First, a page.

Chinatown here has some of the best places to eat Chinese food (dim sum) in the country, teahouses, bars, souvenir stalls, and fortune cookie makers. Eat your heart out here. I do.
Go on a Harbor Tour
Take an afternoon cruise of the San Francisco to Bay sees the city from the Boats. You will get some good pictures, and learn about the bay, see some wildlife, and enjoy life on the water. There are many tour companies, but the cheapest way to see the bay is to take the public ferries for 7.40 USD. Same views
The birthplace of America’s counterculture, the Haight was ground zero during the summer of 1967, a.k.a. The Summer of love. Hippies used to live here but have yuppies since moved in, buying up all the colorful Victorian homes throughout Haight-Ashbury and replacing head shops with high-end boutiques, chic restaurants, and hip cafés. That still some fun place to visit, also flower power Walking Tours runs in-depth and informational tours into the neighborhood ($20 per person).
Hang out in the Castro
The Castro is San Francisco’s gay neighborhood and features a number of ethnic and modern restaurants, as well as a bunch that serves the locally sourced organic food the Bay Area is known for. Moreover, there are a plethora of wild and fun clubs that cater to both gay and straight people.
It’s an awesome place to go out at night.start in Lucky 13 where a wide selection of affordable beer makes for a perfect way to start the night or hang out on the wrap-around balcony at The Lookout. If you want to dance, head to Q Bar on Monday night for the final 90’s pop-inspired evening.
San Francisco Itinerary: Day 3
Explore Golden Gate Park
This gigantic park features a Japanese garden (skip it), a museum, an arboretum, and a lot of hiking and walking trails. Three miles long and stretching about 30 blocks to the ocean, it’s 20 percent bigger than New York’s Central Park.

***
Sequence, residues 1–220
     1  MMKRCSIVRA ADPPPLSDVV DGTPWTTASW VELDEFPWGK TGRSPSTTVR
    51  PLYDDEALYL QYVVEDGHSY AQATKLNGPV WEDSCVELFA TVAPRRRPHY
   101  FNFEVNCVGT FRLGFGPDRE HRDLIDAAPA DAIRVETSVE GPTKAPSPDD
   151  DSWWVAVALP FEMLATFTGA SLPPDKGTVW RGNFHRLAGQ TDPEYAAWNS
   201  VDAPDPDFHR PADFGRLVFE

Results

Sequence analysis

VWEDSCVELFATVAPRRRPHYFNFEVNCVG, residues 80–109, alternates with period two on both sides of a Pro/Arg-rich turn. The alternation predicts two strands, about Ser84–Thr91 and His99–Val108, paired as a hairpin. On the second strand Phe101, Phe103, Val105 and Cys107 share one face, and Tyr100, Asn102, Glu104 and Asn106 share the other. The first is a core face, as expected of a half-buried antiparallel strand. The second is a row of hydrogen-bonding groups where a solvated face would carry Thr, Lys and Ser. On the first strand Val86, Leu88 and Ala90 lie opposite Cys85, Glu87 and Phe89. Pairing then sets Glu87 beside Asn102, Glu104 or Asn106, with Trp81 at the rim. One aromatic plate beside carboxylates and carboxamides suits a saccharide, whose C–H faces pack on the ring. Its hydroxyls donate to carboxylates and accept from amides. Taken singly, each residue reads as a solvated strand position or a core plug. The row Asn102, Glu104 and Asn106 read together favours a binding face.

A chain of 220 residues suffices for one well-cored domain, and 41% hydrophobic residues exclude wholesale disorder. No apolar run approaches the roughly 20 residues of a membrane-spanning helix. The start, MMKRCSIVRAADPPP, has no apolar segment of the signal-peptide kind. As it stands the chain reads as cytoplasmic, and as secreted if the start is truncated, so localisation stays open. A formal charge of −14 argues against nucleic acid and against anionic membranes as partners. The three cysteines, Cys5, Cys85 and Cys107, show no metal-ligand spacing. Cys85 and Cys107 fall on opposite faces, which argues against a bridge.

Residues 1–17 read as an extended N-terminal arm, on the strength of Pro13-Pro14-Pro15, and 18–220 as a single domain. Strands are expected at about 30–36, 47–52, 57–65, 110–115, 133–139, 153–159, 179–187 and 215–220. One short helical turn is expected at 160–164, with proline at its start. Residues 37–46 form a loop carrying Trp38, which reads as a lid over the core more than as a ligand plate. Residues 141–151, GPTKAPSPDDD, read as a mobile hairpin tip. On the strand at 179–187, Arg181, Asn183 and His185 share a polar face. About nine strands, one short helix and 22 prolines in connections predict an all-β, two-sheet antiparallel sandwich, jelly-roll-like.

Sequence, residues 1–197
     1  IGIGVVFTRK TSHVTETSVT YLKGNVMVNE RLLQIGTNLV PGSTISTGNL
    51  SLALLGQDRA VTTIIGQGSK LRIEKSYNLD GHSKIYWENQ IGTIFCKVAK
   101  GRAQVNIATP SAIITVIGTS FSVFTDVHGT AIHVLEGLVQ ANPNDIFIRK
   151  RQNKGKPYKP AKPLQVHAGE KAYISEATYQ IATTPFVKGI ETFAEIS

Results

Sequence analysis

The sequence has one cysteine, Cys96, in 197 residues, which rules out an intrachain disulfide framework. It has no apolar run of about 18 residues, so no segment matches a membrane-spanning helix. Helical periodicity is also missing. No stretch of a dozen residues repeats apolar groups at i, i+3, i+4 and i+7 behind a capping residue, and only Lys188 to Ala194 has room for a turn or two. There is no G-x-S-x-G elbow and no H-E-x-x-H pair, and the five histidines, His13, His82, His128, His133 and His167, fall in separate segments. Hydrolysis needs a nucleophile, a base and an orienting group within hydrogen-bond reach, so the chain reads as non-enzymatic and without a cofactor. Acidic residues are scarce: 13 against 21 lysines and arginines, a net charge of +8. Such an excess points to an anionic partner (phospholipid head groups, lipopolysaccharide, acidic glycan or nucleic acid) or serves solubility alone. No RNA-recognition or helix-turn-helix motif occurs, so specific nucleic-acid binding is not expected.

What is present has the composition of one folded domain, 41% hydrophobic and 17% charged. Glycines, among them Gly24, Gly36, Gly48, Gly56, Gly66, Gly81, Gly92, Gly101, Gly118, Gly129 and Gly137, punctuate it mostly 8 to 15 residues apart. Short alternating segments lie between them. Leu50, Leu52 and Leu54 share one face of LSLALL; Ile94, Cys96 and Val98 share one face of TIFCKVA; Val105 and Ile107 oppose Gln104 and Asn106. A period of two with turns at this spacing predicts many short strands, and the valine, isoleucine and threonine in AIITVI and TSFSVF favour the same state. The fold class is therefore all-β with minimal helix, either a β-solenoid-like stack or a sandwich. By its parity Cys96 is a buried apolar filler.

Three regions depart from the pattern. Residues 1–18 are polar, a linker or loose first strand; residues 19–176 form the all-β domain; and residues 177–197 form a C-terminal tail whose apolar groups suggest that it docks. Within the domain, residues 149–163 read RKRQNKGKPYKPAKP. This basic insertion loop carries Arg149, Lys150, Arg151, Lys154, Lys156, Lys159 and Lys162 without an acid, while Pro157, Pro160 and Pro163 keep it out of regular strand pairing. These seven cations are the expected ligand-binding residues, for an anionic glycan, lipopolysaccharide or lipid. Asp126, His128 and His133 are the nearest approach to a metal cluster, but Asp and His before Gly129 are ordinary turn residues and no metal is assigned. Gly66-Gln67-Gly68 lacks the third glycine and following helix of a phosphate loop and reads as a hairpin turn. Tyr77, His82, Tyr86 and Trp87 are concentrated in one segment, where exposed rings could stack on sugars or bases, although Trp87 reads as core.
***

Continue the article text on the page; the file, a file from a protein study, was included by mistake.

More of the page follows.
Walking from end to end will take half daily. If that’s an excessive amount of for you, spend a minimum of a few hours here exploring the park, especially if it’s an unusually warm and beautiful day in the city.
Relax with a drink after complete that traveling, you should probably explore some of the city’s amazing brew houses. The Mission and Castro are two of the Beautiful spots for nightlife, but you’ll find amazing bars and clubs throughout the city.
Eat at the ferry building
Many top places to eat in San Francisco, the Ferry Building Marketplace is a foodie dream. Outside the building on weekdays are many food stands and on the weekends, there’s also a great farmers market.
Inside, you’ll see restaurants and food drink vendors vending specialty food items as well as butchers, cheesemongers, wine bars, and more.
The ferry building is located in the Embarcadero at the start of Market Street. +1 415-983-8000, ferrybuildingmarketplace.com. Opening hours are from Mon-Fri (10am-7pm), Sat (8am-6pm), and Sun (11am-5pm).
Visit the city’s many museums
San Francisco has many museums that are worth seeing. Here are my favorites: The Beat Museum – Dedicated to the Beat Generation, here you’ll see a collection of unique manuscripts, rare books, letters, and more from authors like Jack Kerouac and Allen Ginsberg. (1-800-537-6822, 540 Broadway.
Open daily 10 am-7 pm. Admission is $8 USD. Note: Some sections of this museum are currently closed for renovations.)
Cables Cars Museum in The city’s cable cars have been around since 1873, and you can learn all about them here. There’s an overlooking the huge engine and wheel that makes the car run! (1201 Mason Street, +1 415-474-1887.
Open daily, but hours vary per season. Admission is free!)
Exploratorium – Step into the fascinating world of science at the Exploratorium, where a series of hands-on activities will keep you entertained for hours. That not just a kids’ museum – there are exhibitions specifically for adults! (Pier 15, +1 415-528-4444. Open Tue–Sun from 10 am-5 pm. Thursday evenings from 6 pm-10 pm is adults only. Tickets are $29.95 for adults.)